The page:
Officials of the S&C and Gunsan City signed a memorandum of understanding (MOU) on June 25, sealing the company's $236 million investment to build a 47-story leisure facility as a landmark of the SGFEZ on the scenic island of Bieung, serving as a gateway to Saemangeum.
``Saemangeum's infinite potential led us to make this commitment, which will hopefully prompt more foreign investment, especially from the Middle East, to the region,'' the president of the S&C told reporters at the signing of the MOU.
The global economic downturn does not make for the best of circumstances in attracting foreign businesses, but Lee said that some hopeful signs are emerging, as in the case of the recent Middle East engagement.
In particular, recent reports indicate that businesses based in China are interested in future Saemangeum investments.
``We are still trying to raise the profile of the SGFEZ in the global business community. Since the opening of the SGFEZ Authority, we have constantly maintained contacts with interested corporations from other parts of Asia, Europe and the United States,'' Lee said.
Advantages of the SGFEZ
The SGFEZ Authority is determined to follow up the case of the Saudi Arabian investment with many more similar initiatives in the years ahead with a host of incentives and advantages that are unique to the SGFEZ.
``The biggest advantage of the free economic zone is its spacious and affordable land, providing a long-term lease up to 100 years to domestic and foreign companies,'' Lee said, stressing that no other free economic zones in the country offer such extensive and generous lease terms.
Currently owned by the state, the reclaimed areas are not bound by any private ownership and pertinent regulations, backing the SGFEZ's position that that its leasing process is simpler and faster than those of other similar ventures in the country.
``In addition, we offer eased regulations for income and corporate taxes for foreign investors for the first seven years of business and give cash incentives mounting to 5 percent of the total investment per corporation,'' Lee said.
It has also established online one-stop service portals and call centers in various parts of Saemangeum to facilitate administrative procedures for potential domestic and foreign investors.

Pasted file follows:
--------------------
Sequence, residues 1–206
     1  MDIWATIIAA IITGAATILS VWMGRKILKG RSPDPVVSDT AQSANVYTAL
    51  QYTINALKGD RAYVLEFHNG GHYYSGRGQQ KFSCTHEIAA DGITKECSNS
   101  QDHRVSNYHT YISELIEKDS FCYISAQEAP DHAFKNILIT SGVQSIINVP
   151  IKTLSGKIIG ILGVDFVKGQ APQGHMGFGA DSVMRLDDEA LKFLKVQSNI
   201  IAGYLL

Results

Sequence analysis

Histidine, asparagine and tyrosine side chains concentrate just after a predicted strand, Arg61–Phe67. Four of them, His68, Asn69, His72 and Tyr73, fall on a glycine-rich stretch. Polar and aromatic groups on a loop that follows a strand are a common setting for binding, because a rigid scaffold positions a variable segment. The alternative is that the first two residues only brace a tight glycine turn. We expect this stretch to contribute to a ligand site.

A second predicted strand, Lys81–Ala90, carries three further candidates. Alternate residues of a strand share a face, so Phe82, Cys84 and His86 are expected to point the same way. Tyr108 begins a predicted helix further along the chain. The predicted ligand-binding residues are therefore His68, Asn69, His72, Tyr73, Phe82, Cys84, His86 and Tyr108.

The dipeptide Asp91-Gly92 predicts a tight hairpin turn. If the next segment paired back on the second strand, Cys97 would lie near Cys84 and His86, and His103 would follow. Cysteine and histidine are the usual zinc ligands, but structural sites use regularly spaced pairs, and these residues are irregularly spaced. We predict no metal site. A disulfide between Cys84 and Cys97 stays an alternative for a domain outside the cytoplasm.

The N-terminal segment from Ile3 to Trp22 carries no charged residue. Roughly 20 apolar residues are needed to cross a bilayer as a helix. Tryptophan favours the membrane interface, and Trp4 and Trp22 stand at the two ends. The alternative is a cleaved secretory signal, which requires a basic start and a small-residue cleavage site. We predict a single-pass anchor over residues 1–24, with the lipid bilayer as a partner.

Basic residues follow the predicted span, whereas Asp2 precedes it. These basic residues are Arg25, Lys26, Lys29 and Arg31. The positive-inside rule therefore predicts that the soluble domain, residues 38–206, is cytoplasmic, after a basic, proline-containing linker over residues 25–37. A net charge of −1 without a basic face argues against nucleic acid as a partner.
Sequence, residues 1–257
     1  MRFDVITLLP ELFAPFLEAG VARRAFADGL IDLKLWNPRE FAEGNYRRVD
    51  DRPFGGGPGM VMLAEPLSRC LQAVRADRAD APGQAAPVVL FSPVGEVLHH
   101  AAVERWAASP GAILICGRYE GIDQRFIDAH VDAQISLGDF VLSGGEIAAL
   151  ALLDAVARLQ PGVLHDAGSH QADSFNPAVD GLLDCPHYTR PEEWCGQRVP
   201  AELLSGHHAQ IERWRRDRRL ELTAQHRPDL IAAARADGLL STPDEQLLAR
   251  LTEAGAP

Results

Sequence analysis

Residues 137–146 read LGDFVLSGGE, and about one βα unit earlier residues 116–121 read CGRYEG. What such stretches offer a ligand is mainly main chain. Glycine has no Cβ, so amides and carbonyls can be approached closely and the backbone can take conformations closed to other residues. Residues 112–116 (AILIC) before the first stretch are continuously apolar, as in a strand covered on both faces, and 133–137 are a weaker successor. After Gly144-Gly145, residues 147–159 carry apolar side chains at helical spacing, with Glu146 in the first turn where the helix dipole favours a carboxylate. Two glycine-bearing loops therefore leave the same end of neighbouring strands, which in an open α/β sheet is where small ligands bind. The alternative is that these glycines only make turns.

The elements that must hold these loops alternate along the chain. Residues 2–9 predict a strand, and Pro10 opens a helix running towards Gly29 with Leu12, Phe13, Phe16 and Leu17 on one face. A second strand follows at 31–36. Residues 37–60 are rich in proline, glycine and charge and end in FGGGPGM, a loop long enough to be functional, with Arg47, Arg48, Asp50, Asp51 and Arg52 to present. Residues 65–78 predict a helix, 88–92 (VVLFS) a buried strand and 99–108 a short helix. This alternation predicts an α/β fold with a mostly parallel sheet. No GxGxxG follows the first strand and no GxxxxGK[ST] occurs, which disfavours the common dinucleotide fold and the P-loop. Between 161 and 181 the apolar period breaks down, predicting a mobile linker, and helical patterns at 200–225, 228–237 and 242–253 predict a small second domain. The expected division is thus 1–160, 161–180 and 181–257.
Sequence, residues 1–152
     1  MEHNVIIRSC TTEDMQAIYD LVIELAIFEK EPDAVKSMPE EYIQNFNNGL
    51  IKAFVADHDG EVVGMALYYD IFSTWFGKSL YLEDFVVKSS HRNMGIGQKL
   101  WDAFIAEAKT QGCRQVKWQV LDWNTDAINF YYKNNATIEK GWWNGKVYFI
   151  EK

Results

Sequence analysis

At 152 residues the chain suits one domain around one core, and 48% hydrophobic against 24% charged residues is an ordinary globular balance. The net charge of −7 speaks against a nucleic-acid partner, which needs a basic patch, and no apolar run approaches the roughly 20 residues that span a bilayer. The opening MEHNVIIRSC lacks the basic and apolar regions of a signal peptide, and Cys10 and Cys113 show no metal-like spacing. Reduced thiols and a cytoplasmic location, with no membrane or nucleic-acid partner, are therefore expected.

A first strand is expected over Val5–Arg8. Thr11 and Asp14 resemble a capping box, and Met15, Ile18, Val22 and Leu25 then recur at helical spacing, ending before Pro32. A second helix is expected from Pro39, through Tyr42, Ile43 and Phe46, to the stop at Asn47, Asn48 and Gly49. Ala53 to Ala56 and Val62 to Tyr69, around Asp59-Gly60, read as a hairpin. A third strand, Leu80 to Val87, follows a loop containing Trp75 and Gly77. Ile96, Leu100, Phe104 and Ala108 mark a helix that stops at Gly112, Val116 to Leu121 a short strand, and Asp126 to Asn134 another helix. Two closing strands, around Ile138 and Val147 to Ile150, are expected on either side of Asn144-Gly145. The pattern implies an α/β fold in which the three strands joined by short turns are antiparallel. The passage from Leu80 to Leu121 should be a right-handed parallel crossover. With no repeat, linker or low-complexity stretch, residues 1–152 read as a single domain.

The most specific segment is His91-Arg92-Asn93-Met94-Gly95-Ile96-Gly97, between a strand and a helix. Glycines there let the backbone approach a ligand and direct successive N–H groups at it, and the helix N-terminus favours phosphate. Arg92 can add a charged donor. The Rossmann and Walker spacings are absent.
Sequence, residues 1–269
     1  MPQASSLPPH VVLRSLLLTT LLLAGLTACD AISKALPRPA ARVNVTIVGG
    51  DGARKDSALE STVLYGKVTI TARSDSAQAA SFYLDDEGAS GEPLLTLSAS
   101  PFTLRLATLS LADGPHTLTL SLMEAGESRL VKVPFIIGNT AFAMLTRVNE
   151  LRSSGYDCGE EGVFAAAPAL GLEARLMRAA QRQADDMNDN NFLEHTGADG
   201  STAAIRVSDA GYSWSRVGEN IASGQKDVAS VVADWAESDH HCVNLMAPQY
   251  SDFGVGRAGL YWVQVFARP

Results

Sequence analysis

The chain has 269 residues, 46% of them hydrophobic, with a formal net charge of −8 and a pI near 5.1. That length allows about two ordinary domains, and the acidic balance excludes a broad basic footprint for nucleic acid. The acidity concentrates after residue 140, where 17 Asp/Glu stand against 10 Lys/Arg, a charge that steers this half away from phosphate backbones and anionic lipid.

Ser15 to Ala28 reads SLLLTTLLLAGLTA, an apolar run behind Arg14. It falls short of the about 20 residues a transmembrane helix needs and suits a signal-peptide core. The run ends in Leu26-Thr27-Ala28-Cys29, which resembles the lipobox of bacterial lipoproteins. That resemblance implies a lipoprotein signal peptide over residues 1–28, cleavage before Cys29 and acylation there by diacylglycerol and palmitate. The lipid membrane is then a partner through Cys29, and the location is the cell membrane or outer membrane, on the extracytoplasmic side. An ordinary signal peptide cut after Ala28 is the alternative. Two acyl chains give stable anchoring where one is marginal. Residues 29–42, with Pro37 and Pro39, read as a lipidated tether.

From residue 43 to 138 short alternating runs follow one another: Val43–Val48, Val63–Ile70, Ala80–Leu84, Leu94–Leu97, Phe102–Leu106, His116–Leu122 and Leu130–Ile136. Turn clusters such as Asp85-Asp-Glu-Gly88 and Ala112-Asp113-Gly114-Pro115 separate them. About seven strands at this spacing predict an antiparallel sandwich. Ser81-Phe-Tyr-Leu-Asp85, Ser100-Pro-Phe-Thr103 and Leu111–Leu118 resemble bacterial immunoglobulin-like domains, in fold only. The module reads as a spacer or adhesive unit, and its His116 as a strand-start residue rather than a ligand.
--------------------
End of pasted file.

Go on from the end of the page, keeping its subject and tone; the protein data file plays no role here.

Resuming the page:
In 2003, Korea joined a long list of countries, including China, India, Malaysia and the United Arab Emirates, in designating Free Economic Zones (FEZ) with light taxes for two specific reasons.
``A free economic zone in Korea first serves to create more friendly business conditions for foreign investors and secondly, to seek a balanced growth of all provinces,'' said Lee of the SGFEZ Authority.
A key national agenda item of the previous Roh Moo-hyun administration was seeking balanced regional development. It paid particular attention to placing formerly underdeveloped provinces such as North Jeolla or Chungcheong provinces on the industrial map of the country through new development ventures.
Lee served as vice minister of the construction and transportation ministry under the Roh administration and is a staunch supporter of the FEZ initiative currently underway across the nation ― Incheon, Busan-Jinhae, Gwangyang Bay Area, West Sea, Daegu-Gyeongbuk and Saemanguem-Gunsan.
``The project is part of the country's efforts to develop sustainable growth engines for all parts of Korea. Such efforts must be maintained in the future,'' he said.
Ultimately, the FEZs are aimed at building world-class cities with an optimal business environment based on policies of global standards and catering to multinational and multicultural communities. They will additionally be equipped with quality schools, hospitals, transportation and tourist facilities.
Lee thinks that the FEZ project could also lead to changes in Korea's relative hesitance to embrace foreigners.
``Korea will hopefully become more open toward foreigners and global businesses through more international exchanges, an integral element of the FEZ project,'' Lee added.
Some reports of the international media attacked Korea for creating too many free economic zones. However, the government contends that each of the six zones have their own geographical and industrial merits that will lure foreign investors, transforming Korea into an international business hub for Northeast Asia in the long run.
Besides the SGFEZ, some parts of the Incheon Free Economic Zone are also housed on reclaimed areas, namely Songdo, home to the Incheon International Airport.